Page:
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Protein packs many benefits. You may be familiar with its ability to reduce appetite and hunger levels to help with satiety, its capability in rebuilding and repairing tissues and its use in making enzymes, hormones and other body chemicals, to name a few. The perception of which types and how much protein we need and get, however, is another story.
What’s in a common serving? Lean protein from animal sources packs in about 7 grams per ounce. You’ll get approximately 2 grams per 1/2 cup vegetable serving, negligible from fruits, 5-15 grams per cup of beans or legumes and up toward 10 grams per serving of unprocessed grains (think quinoa, sorghum, kamut).
So, how much is enough?
First calculate your own protein needs. A general recommendation for healthy, moderately active persons requires you to divide your weight in pounds by 2.2. Multiply that result by 0.8 – 1.0 and that becomes the approximate number of grams of protein you’d need per day.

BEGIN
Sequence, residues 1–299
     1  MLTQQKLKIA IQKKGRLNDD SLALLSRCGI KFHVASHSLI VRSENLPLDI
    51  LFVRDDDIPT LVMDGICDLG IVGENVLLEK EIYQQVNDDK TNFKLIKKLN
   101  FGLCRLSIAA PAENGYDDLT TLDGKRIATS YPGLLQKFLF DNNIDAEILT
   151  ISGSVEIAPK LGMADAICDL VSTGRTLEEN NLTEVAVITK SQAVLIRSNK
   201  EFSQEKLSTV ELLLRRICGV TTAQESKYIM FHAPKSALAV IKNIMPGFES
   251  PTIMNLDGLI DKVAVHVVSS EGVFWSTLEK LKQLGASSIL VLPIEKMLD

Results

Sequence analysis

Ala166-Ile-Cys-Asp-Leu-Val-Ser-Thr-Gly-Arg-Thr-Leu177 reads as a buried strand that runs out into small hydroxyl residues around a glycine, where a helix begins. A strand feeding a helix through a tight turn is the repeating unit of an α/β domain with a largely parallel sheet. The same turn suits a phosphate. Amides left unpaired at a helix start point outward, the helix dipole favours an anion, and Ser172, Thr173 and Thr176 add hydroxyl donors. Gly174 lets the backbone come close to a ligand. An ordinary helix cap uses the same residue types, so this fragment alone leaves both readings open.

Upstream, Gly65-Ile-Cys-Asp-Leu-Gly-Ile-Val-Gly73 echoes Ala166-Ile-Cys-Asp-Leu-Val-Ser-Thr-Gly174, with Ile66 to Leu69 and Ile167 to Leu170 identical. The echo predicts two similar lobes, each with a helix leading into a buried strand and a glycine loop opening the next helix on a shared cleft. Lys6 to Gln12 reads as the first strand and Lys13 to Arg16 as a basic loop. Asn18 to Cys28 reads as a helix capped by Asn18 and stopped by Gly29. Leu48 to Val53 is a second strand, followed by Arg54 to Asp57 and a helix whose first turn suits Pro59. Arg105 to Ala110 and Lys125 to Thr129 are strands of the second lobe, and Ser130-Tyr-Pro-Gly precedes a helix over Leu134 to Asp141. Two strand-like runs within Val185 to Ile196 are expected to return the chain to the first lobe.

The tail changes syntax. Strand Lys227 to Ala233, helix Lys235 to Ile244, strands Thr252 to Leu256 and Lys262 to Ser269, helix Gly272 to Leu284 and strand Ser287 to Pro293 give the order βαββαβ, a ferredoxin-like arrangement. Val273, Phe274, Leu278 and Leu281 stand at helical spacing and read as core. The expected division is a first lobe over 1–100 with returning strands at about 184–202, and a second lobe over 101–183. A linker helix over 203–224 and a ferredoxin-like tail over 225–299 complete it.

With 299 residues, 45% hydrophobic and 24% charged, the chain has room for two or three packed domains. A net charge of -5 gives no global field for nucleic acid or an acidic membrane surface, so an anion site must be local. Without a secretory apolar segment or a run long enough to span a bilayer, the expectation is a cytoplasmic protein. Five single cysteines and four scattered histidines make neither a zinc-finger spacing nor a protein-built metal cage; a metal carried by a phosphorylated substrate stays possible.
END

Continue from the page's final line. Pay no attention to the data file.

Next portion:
For a 150 pound male or female, their weight divided by 2.2 is 68kg. Their protein needs per day would range between 54-68 grams per day.
Based on this total, you can see how an egg white omelet with beans and vegetables for breakfast, bean laden vegetable based chili with a piece of whole grain bread for lunch, fruit and nuts for an afternoon snack and salmon (3-4 ounces), broccoli and brown rice for dinner can clock in at 65-70 grams.
But what about carbohydrate limiting diets, like paleo or keto, or the Standard American Diet (SAD)?
Change the diet to a large omelet with cheese, turkey sausage and vegetables for breakfast, a post workout smoothie with 1-2 scoops of added protein powder, a burger with French fries for lunch, cheese, jerky and nuts for a snack, 6 ounces turkey with1/2 sweet potato and green beans for dinner and you can rack up over 125 grams, not including dessert!
Plant proteins are kinder to our system (especially true for the heart and kidneys) and far less inflammatory. In replacing some of the animal protein with plant protein you don’t lose any protein quality, nor do you risk being protein deficient. While it is true that you have to choose more selectively (after all, French fries and potato chips are also plant based), you can still get plenty of protein.
Gone is the myth of having to combine your proteins, such as eating a grain with beans for example, if you’re not eating any protein from animal sources. It’s now known that eating protein from a variety of sources throughout the day will suffice in order to get adequate, complete proteins.
So, choose good quality proteins, limit the processed kind and try to swap out an animal based protein for a plant based option one meal a day!